But that's a great opportunity to practice. Uncomfortable feelings mark boundaries of fear and desire to have life be other than the way it actually is. That's where we dig in. As we settle into the anxiety, boredom, or anger, we not only experience the emotion in its fullness and emptiness, but also become intimate with the beliefs that created the feelings in the first place. Like, "Life should be fun--ALL THE TIME." Or "I hate people telling me what to do." Or my favorite: "This is stupid!"

Be the barrier, Daido Roshi always said. Be the resistance. And there's plenty of that in Zen, especially while chanting.

Part of the problem, I think, stems from our expectation that bowing or chanting should be some kind of heavenly, transcendental experience instead of aching backs, hard wood biting into our knees, and dry mouths. But that's the way life is. Our addiction to special effects and sugar buzzes is most noticeable when we're sitting and staring at a wall for three hours, or chanting in unison when we'd rather be lounging on the couch and munching on chips.

Be the barrier. Be the doubt, the impatience, the aching back. Zen training and liturgy has been masterfully designed to wear those edges down.

I just finished reading Daido Roshi's Bringing the Sacred to Life, an excellent little book about how to incorporate liturgy into Zen practice. Do it with your whole heart, mind, and body, Daido instructs in the true spirit of Master Dogen. Liturgy is an opportunity to make the invisible visible, to give life and body to the spirit of our practice.

Liturgy is a living, breathing embodiment of the Zen tradition. We should cherish it just as much as we do our zazen, because at it's heart, chanting and bowing is no different from zazen. It's all practice, all an opportunity to wholeheartedly engage life as it is.

We can then extend this care and attention to other aspects of our lives--eating, driving, excercising. Liturgy is a way of consecrating the everyday, of realizing the Absolute within the Relative, which is the ultimate goal of Zen.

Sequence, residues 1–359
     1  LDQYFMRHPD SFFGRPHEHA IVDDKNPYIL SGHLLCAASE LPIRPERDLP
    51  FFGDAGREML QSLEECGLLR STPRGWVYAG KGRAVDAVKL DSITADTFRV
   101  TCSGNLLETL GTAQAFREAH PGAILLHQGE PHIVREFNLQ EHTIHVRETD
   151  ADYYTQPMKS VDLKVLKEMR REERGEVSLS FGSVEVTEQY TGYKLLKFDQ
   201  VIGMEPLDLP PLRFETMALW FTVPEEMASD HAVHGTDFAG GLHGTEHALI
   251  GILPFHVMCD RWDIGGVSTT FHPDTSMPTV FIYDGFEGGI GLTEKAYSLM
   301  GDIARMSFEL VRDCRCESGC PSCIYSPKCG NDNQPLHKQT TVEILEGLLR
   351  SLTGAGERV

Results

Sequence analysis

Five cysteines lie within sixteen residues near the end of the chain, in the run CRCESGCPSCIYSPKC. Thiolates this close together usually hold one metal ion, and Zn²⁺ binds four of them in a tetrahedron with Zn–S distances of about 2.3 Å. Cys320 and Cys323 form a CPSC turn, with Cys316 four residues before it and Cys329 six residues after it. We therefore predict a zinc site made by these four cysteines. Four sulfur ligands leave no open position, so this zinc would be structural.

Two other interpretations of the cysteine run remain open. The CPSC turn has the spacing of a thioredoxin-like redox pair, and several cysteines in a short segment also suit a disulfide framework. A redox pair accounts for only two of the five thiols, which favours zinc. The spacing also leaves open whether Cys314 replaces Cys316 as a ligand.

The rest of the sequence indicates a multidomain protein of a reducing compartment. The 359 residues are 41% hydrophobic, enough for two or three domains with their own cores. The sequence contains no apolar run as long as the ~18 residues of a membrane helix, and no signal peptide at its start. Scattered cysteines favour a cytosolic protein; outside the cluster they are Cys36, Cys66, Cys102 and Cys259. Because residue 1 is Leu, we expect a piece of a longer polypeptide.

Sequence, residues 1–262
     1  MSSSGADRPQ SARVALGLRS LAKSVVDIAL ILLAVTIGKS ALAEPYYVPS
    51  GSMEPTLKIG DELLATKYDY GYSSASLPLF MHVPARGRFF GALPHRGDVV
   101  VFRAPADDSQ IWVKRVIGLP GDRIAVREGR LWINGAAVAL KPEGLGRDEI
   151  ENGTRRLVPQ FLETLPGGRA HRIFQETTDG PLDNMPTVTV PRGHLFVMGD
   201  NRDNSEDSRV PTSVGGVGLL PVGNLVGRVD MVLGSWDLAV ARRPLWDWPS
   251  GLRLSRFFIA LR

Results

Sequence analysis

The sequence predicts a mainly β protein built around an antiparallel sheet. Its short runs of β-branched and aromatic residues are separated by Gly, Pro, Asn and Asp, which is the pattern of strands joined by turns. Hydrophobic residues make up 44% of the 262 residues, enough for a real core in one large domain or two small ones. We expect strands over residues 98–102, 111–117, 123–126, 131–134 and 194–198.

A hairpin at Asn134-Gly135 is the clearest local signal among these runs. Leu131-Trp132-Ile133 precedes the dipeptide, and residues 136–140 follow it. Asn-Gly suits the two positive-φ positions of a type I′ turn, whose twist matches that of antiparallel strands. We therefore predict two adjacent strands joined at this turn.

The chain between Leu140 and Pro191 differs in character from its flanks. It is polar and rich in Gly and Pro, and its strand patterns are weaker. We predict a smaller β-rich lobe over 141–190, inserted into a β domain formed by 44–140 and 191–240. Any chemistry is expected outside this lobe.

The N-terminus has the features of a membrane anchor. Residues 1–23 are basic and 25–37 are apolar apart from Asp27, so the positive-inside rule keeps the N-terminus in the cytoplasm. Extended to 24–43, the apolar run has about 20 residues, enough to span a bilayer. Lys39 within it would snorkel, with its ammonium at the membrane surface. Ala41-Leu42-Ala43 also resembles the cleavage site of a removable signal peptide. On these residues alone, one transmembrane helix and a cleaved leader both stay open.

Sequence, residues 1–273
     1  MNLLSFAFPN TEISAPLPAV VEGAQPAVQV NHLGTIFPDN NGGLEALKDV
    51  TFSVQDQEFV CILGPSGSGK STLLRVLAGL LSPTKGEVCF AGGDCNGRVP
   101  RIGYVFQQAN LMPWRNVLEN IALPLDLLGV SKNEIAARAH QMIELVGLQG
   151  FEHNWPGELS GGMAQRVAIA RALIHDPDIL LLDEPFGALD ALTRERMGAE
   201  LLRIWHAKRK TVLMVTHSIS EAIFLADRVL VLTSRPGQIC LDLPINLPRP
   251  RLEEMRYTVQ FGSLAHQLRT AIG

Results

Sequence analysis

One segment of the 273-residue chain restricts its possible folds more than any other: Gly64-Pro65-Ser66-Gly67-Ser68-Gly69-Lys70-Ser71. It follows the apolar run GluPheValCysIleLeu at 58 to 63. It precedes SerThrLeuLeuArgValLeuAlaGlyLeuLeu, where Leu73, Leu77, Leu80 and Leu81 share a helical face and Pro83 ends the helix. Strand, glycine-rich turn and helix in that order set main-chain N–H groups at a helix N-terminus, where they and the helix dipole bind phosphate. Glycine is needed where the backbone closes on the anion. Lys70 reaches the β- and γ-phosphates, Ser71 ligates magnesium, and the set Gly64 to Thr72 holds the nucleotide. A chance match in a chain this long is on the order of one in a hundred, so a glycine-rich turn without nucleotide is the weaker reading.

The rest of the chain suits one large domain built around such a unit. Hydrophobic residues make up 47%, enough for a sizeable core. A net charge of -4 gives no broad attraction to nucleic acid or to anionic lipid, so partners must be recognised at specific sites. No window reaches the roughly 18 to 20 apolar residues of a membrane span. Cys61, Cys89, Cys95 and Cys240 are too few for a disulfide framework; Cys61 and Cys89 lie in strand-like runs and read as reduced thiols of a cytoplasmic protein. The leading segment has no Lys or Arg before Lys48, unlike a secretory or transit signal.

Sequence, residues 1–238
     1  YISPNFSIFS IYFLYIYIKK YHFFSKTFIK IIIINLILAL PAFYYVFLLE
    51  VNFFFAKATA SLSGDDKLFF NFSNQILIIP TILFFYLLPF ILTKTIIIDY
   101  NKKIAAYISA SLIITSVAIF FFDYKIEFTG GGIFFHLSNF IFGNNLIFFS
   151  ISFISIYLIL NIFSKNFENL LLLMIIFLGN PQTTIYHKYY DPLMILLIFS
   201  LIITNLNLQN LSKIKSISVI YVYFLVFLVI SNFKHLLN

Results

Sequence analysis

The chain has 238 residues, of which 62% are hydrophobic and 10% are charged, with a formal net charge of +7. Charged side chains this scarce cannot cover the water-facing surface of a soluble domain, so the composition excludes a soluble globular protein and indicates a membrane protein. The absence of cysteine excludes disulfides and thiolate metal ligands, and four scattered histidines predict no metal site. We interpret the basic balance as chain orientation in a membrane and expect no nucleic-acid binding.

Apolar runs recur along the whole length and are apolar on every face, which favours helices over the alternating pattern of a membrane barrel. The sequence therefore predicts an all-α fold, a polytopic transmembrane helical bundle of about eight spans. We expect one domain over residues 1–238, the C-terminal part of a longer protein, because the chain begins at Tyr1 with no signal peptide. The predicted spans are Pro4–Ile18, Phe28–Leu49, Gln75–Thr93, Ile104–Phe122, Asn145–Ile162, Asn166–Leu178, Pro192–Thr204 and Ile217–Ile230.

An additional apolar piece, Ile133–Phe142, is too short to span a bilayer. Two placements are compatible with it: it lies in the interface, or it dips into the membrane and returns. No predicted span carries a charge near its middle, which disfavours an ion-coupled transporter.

Photo borrowed from Creative Commons flickr user: Big Mind Zen Center.

Wednesday, July 6, 2011

All storms pass

We have so many thunderstorms in my town that sometimes I feel like I'm living in a horror movie. The other night I was awakened to a peal of thunder that sounded like a cannon. Nervously, I rolled over. Any moment I expected the enormous Sweet gum tree in my neighbor's yard to come crashing down on my house. I live on the second floor, so if it ever comes down, I'm a goner.

Luckily, it didn't.

The storm raged for another half hour, whille I restlessly tossed and turned.

Then something amazing happened. Well, not quite amazing, but pretty cool. As the storm was passing, rumbling in the distance, I heard a bird call. It was a clear, sharp note in the early morning, playing against the rolling thunder in the background.

My wife later joked, "The bird was saying, 'Is everyone all right?'"

I like that. For some reason I find it comforting.

For me the storm was an apt metaphor for the turbulence of our lives. We are stricken with storms all time--emotional, pyschological tempests where the very foundations of our lives seem to be ripped from their moorings. We wonder if we can somehow survive this suffering, as everything we have come to know and rely upon is uprooted before our eyes.

But if Buddhism teaches us one thing, it's that everything is impermanent. All storms pass. Just like the thunder that night.

No matter what the circumstances are, they will inevitably change.

Maybe we won't all be greeted by the pleasant notes of a bird song or its equivalent, but all storms pass. They must.

Photo borrowed from Creative Commons flickr user: -Qualsiasi.